5th August 2013

Avoid Accidents Through Anticipitory Driving Skills

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Avoiding Accidents
If more people would just pay attention, there would be significantly fewer accidents. Yes, there would still be many idiots behind the wheels of their cars, but they, and the accidents they cause can be avoided.
Here are some of ways that I avoid problems.
You’re driving along and see that you are approaching a freeway on-ramp (they should be referred to and used as acceleration ramps, but that’s a subject for another blog post) and you’re in the far right hand lane. Do you stay in the lane and force the merging cars to have to also merge with your vehicle? Or do you move over the the left one lane, and do your part to keep traffic moving? What about when you are approaching a slower moving vehicle? Do you wait until you are right behind it before you decide you need to get over to go around it? It’s those cars that are trying to get over at the last minute that cause most of the accidents, by being a slower moving vehicle themselves attempting to get into the faster moving lane.
I also look out for people wearing neck braces for two reasons. First, they are not very likely to be able to look over their shoulder before changing lanes. Second, it is my belief (I may be right or I may be wrong, but why take a chance, right?) that people who wear neck braces are more likely to play the sympathy card to an investigating officer in the event of an accident, even if an accident was their fault to begin with. Why take a chance, right?
I also avoid cars with existing dents in them. Chances are, if they got into one accident, they are more accident prone in my book, and I avoid those cars. Also, now that they’ve got a dent in their car, it’s possible that they’re not that concerned about getting another. Especially if they didn’t care enough to get the other dent fixed to begin with.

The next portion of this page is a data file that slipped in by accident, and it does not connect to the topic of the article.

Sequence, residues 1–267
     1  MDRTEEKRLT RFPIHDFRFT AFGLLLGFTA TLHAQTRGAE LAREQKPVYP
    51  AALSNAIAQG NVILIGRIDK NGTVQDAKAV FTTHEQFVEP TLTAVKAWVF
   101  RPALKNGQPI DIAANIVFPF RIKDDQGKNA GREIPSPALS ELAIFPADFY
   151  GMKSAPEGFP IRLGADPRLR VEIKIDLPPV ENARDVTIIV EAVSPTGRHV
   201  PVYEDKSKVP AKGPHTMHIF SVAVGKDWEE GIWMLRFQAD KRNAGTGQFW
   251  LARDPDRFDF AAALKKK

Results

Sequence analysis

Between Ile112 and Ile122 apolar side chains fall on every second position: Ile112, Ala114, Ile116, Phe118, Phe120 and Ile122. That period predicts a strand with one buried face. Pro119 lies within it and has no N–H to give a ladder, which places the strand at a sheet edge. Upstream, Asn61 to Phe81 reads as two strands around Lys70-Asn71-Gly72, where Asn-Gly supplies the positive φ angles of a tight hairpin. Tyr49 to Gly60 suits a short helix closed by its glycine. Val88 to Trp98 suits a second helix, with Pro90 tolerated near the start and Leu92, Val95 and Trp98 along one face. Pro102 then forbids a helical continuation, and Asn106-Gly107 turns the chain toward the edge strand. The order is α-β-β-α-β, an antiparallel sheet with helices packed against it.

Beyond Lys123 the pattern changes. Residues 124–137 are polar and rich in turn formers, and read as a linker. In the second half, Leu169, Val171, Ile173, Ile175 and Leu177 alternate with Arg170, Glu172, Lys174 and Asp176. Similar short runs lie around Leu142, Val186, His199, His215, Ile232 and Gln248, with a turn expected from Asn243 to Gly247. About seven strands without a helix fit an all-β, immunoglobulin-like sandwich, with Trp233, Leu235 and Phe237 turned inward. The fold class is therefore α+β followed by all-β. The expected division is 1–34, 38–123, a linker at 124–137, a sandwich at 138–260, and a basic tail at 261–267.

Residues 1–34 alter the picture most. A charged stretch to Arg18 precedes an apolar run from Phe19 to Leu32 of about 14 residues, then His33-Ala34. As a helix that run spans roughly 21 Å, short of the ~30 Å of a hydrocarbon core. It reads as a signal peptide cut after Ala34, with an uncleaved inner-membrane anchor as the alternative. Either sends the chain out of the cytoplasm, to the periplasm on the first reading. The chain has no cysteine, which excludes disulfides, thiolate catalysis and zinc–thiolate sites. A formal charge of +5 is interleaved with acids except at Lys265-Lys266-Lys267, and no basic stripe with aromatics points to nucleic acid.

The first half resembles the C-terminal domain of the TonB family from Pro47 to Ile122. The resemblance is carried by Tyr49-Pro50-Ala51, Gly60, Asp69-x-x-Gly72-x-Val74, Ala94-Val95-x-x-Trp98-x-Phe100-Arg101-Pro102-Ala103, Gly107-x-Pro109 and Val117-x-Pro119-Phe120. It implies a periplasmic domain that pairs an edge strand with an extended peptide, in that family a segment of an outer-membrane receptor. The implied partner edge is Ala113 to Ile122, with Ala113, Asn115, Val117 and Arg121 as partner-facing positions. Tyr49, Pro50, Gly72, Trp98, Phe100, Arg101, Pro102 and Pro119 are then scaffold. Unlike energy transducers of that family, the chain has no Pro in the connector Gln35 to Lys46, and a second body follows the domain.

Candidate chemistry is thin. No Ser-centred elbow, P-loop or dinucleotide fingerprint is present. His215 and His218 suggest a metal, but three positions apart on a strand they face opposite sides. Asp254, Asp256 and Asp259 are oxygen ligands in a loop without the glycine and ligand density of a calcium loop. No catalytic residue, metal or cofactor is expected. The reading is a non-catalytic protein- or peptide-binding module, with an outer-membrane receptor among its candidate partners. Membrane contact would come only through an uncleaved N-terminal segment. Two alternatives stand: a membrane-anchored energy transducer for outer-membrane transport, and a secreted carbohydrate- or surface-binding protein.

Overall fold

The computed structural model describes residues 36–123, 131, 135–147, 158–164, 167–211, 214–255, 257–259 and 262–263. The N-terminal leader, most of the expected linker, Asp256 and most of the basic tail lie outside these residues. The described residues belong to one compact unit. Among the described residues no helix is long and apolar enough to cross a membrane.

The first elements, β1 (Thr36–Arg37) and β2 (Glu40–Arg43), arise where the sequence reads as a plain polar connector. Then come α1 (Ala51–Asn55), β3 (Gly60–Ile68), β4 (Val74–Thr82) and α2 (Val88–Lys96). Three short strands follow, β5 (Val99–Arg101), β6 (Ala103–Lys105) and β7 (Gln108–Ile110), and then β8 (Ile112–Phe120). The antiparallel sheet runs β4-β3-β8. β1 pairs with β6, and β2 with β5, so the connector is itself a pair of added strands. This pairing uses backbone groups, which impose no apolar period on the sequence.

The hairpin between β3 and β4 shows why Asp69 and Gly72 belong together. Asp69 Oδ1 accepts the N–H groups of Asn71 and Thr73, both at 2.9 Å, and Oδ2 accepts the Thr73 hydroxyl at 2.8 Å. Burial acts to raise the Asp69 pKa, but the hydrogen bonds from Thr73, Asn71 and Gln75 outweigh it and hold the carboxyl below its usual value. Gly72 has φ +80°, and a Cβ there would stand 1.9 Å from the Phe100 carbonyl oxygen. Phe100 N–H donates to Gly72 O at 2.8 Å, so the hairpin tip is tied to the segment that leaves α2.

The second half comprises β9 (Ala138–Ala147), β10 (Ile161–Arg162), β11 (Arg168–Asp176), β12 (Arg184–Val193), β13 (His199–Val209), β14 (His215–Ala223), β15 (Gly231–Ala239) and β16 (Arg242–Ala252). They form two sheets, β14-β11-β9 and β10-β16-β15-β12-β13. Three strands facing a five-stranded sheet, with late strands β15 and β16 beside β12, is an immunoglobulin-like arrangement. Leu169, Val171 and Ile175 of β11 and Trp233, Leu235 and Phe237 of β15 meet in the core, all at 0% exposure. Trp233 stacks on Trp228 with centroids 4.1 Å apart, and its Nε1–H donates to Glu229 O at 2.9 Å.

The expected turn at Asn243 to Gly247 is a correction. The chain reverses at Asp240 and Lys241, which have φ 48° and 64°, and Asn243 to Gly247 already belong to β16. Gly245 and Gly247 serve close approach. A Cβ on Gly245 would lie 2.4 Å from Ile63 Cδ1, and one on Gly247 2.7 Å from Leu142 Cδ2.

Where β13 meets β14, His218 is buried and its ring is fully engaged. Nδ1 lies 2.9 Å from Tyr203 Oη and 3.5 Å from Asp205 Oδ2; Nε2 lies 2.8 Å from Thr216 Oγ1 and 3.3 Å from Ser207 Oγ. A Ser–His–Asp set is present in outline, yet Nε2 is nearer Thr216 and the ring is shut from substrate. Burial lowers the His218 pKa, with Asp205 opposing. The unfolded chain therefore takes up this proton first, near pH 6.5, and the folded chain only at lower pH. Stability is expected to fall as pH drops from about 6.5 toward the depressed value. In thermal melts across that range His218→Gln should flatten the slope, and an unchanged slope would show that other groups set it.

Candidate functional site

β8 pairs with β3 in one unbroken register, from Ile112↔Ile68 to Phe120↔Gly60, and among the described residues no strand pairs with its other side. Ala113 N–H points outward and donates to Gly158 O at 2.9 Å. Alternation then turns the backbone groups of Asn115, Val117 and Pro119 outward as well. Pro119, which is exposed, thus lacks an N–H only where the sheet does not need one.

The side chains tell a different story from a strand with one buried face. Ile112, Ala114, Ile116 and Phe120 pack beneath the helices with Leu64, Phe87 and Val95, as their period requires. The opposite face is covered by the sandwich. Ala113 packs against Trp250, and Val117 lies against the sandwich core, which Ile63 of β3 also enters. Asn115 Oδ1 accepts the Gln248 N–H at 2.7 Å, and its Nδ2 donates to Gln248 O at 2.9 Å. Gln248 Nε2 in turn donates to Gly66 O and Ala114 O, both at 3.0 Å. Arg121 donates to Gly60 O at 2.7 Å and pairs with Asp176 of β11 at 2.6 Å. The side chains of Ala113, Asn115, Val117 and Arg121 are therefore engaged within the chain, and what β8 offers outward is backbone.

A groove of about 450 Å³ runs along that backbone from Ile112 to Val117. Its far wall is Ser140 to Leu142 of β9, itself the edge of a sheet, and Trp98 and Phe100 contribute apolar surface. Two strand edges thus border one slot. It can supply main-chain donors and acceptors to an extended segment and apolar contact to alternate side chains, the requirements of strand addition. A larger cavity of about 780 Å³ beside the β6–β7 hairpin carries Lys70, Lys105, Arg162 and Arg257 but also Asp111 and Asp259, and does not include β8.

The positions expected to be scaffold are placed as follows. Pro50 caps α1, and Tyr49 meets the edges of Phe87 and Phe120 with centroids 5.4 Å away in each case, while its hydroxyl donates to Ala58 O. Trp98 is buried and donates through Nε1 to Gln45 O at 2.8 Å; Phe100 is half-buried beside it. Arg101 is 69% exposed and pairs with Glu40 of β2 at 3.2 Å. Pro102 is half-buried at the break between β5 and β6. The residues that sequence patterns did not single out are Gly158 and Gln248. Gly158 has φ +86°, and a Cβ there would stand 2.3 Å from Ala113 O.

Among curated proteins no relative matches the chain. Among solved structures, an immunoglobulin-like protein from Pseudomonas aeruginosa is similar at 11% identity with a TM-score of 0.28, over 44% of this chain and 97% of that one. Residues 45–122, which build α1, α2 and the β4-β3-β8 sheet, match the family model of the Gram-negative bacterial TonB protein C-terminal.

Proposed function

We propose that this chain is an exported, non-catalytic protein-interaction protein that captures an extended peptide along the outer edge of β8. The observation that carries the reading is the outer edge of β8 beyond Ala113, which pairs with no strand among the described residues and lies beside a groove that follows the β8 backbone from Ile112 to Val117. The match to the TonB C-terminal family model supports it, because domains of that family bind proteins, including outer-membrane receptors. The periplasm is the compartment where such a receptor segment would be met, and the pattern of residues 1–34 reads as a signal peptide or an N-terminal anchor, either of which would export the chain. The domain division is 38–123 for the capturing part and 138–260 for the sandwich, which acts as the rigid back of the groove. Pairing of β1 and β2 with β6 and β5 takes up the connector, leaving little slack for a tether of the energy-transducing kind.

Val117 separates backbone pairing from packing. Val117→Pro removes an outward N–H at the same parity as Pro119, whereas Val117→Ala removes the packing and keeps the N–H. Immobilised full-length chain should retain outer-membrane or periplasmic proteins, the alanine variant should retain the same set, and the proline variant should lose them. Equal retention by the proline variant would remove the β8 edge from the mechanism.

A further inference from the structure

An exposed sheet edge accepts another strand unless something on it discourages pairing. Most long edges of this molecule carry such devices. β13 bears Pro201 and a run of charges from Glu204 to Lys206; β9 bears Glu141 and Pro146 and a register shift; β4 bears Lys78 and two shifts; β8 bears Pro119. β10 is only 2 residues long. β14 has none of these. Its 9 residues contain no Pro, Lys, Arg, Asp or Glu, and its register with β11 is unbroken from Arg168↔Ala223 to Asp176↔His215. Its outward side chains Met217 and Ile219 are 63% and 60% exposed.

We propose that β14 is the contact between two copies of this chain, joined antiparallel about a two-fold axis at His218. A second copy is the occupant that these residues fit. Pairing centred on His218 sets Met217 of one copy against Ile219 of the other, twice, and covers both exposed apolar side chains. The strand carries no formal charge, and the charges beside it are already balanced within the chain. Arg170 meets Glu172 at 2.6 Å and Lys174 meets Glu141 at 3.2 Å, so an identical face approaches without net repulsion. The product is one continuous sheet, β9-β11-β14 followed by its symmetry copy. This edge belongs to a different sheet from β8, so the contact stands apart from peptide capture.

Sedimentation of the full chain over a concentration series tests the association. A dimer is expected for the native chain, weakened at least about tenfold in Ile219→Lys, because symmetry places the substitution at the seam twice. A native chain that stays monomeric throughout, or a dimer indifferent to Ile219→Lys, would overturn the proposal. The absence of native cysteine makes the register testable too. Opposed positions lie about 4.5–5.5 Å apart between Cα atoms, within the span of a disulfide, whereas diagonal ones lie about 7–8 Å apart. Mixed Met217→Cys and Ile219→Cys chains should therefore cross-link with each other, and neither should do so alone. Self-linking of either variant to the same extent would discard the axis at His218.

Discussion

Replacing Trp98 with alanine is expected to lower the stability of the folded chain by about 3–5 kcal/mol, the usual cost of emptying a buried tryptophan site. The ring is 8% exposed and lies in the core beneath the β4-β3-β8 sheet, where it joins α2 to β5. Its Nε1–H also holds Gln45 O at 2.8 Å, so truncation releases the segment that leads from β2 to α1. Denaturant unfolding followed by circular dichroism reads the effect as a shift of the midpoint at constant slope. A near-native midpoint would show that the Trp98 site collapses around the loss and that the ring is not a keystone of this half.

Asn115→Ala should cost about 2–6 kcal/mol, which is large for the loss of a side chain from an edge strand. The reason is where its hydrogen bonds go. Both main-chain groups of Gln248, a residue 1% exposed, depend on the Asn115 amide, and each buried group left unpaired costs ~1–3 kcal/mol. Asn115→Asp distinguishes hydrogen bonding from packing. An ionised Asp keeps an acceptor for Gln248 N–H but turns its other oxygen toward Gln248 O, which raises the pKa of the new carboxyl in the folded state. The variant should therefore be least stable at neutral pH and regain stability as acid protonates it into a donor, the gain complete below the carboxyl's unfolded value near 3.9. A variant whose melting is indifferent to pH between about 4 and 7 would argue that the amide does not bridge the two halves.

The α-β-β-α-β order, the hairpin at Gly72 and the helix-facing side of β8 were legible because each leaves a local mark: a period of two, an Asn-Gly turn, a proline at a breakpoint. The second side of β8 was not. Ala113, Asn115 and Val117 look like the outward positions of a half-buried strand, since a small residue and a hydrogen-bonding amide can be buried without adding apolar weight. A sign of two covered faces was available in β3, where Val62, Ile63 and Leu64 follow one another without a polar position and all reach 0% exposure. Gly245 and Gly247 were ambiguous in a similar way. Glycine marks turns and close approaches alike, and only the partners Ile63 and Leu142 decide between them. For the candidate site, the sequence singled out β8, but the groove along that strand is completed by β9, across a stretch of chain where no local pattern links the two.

I have successfully avoided being rear-ended four times by using my rear view mirror to see cars coming up on me too fast and me either getting out of their way in time, or honking my horn to cause them to pay attention (yes, even the cars behind you can hear your horn), or by timing my slow down appropriately so I don’t slow down so abruptly that the car behind me (who was following me too closely to begin with) can’t react in time.
If you just get into the habit of paying attention, and being proactive in your driving, rather than reactive, you’ll find that the close calls just keep getting fewer and fewer until the only accidents you can’t avoid, will be the ones in parking lots!

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5th August 2007

Long time no post!

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wisdrivers.JPGI suppose I should try to stay on top of this blog just a bit more since this really is (my personal opinion of course) an important issue to discuss. But I am travelling three weeks out of every month and administering a forum as well as another blog, so forgive my lack of attentiveness here.

 I just recently returned from Wisconsin. One of the benefits of travelling all over the US is that I get to see all kinds of drivers. Wisconsin drivers only get my bad driving award for two reasons–first, they will pull out into your lane, cutting you off, even though it’s quite obvious that you are about to pass them and the vehicle in front of them. Then, they slowly (and I do mean slowly) pass the vehicle they were behind a moment ago. And they can make that experience last up to five mintes as they inch past the vehicle, forcing you to slow to their speed and preventing you from getting around them and the other vehicle. If they had just waited ten more seconds, you would have been able to blow right by them and then they could perform their slow motion passing maneuver without inconveniencing you. Now that I think about it, Minnesota drivers do the same thing. I guess the residents of both states are cut out of the same cloth.

Now it’s your turn. What state do you think has the worst drivers?

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26th January 2007

Why are there so many bad drivers out there?

It seems that everywhere I go, I am confronted with people whose driving skills leave something to be desired. I’ve been thinking about this a lot lately and I’ve begun wondering why there are so many bad drivers out there sharing the roads with the rest of us. Here are some possible weak links in the bad driver equation.